I am not particularly fond of children's electronic toys,
but they constantly arrive at home as presents,
and they also attract the children's attention.
Unfortunately, the usability aspects of most electronic toys for toddlers
and children appear to be ignoring important and well-established
principles of user interface design.
Imagine yourself entering your car in the morning and turning on the
ignition. The car honks, its windshield wipers start sweeping, every
light bulb on the car sequentially turns on and then off, the doors lock,
the windows open, and then close again.
This one-minute sequence repeats itself every time you start the car.
Although such a car would be the
laughing stock of the neighborhood, similar toys are sold every day in
shops around the world.
The designers of most children toys consider
it their duty to run a full demo of the toy's capabilities every time the
toy is turned on.
Of course, all this eye and ear candy gives the game
The toddler does not need to do anything interesting in
order to listen to the music or see the flashing lights.
All that is needed is to turn the game off, and then on again.
Other toys, provide
pre-canned functionality whose only purpose appears to be to dissuade
the child from trying. Many musical keyboards contain, so-called
"rehearsal songs". These play canned tunes like "Jingle bells" and "Oh
Susanna", demonstrating the instrument's awesome musical capabilities.
However, children faced with the choice between pressing a button to
have the piano play "Jingle bells", and trying to compose their own
tune on the keyboard, will sadly opt for "Jingle bells" —
again and again.
Lack of Reactance
Just because they are children, does not mean they are stupid.
Many children toys, (under)powered by what are apparently
8-bit microprocessors that were deemed incapable of running a microwave oven,
stubbornly refuse to respond to key presses while they are doing their
previous bit (playing music, saying a word, flashing the lights, whatever).
Preemptive polling and interrupt-driven processing are probably considered
too advanced software features to include in a child's toy.
The end result is that the toy's behavior appears capricious and unpredictable
to the child.
Often, pressing a button makes it say a sound, but at other times,
pressing the same button does not have any effect.
Maybe the hidden agenda of the toy manufacturers is to condition children
to consider software bugs to be normal features.
Interfaces with Hidden State
Complicating the above problem even more, some toy designers,
in order to cram
the maximum possible functionality with minimum possible moving parts,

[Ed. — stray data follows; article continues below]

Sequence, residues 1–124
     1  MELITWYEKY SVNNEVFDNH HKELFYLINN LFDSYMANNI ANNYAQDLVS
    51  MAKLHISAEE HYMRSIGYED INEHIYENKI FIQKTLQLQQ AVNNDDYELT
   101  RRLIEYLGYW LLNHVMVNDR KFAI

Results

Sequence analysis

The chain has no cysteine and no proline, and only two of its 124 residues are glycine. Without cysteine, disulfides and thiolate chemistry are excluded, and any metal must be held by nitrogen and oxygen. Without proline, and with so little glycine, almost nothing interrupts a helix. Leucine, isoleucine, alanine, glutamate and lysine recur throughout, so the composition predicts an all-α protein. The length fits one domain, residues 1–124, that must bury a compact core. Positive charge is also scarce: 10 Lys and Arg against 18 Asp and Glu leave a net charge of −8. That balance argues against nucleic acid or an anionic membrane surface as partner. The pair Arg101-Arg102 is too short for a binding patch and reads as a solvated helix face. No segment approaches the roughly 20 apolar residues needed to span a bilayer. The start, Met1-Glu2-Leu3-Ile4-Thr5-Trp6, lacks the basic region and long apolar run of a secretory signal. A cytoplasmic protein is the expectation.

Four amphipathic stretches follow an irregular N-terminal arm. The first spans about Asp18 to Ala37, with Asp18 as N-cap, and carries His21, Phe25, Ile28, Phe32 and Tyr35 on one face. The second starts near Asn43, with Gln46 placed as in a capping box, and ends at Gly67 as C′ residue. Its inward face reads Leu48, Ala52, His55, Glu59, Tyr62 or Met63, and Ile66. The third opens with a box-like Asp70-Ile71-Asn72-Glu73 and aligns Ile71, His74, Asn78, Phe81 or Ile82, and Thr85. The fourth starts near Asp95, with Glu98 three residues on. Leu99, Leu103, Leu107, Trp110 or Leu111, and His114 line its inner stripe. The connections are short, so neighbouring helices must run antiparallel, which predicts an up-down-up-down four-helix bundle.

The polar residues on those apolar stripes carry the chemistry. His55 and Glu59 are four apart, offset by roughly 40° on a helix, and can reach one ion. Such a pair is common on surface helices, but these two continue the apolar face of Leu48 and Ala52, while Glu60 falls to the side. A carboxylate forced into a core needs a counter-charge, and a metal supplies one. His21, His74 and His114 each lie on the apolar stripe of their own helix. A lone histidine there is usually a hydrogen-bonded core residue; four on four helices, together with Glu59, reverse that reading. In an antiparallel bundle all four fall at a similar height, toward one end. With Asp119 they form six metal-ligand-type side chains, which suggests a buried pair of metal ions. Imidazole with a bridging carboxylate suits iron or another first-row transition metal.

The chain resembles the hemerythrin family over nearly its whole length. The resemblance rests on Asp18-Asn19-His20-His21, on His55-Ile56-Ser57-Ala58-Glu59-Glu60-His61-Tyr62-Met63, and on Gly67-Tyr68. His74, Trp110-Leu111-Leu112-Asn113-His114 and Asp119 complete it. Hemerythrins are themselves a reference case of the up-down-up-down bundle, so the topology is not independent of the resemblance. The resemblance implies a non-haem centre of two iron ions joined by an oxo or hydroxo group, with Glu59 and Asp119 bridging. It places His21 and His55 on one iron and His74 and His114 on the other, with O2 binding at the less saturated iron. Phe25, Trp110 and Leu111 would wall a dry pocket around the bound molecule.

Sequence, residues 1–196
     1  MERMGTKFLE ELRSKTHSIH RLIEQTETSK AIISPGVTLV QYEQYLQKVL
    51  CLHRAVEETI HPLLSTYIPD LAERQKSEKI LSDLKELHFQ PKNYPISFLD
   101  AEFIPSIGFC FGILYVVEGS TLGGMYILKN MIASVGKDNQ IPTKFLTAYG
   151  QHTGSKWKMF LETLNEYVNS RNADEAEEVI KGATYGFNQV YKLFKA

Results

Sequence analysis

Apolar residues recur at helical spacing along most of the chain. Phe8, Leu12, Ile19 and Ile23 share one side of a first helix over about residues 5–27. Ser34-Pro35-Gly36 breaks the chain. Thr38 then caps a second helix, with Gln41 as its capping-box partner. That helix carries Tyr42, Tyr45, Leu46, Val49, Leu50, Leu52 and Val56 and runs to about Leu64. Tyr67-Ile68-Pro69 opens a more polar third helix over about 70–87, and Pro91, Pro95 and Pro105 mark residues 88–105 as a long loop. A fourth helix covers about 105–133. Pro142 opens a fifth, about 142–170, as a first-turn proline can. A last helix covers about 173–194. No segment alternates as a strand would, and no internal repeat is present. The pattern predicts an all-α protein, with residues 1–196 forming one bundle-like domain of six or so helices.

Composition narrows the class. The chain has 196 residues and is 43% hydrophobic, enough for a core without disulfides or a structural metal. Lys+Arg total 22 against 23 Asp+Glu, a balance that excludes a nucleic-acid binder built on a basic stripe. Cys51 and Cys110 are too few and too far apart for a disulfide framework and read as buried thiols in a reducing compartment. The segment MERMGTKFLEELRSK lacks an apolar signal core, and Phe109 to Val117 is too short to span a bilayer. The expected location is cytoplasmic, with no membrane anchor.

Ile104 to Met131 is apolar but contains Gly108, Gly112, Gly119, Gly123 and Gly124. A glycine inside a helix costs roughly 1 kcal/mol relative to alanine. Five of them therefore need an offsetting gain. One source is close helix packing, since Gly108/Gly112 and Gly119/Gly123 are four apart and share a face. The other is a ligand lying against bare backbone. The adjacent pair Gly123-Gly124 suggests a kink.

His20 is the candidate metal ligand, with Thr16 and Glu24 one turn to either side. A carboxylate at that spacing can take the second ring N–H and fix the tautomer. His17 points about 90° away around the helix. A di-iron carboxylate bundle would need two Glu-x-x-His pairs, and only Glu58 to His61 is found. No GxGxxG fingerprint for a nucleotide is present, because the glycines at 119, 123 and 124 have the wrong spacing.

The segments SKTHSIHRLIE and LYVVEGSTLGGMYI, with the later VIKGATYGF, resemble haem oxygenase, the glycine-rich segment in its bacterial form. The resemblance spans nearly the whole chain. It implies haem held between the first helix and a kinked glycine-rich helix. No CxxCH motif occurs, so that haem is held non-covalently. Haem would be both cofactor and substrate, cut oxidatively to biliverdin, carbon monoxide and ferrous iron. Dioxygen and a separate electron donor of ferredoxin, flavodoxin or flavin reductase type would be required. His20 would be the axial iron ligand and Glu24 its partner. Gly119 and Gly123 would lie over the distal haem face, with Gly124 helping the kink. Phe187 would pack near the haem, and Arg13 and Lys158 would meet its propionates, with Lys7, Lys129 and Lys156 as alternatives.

have their toys switch between a number of different states,
radically altering their behavior in each state.
Thus the same button is used to play different tunes or make animal
or have the toy spell numbers, or letters, or colors.
Programming this schizophrenic behavior into the toy ensures that none of the
valuable bits available in their microprocessor's ROM will get wasted.
Sometimes, a separate switch alters the state, at other times the state
switch is just random.
The end-result is the same:
the children have great difficulty seeing and learning
the principles of cause and effect:
the same button plays one tune now,
and another tune the next time they press it.
But, I'm sure they'll become expert users of the vi
Disregard for IT Standards
Starting with the 1980's Texas Instruments Speak and Spell games,
and continuing today
with some of the baby laptops, toy designers seem to believe that
children are somehow born knowing the order of the alphabet letters,
and would therefore vastly prefer a keyboard whose keys are ordered
alphabetically, rather than one in the typical QWERTY order.
Then, when the child has grown up, it can easily relearn to type
on a QWERTY keyboard.
Only of course, the child has never learned to type, because all these
non-QWERTY keyboards have their unique non-standard key arrangements.
Maybe the objective of the alphabetic keyboard design is to have the
children learn the order of the letters in the alphabet.
However, this can be easily accomplished by another of those
"learning activities" available on these games.
There is really no need to confuse children with idiotic keyboard
designs at this age, they will have plenty of opportunities to swear
at misplaced Ctrl keys when they grow up.
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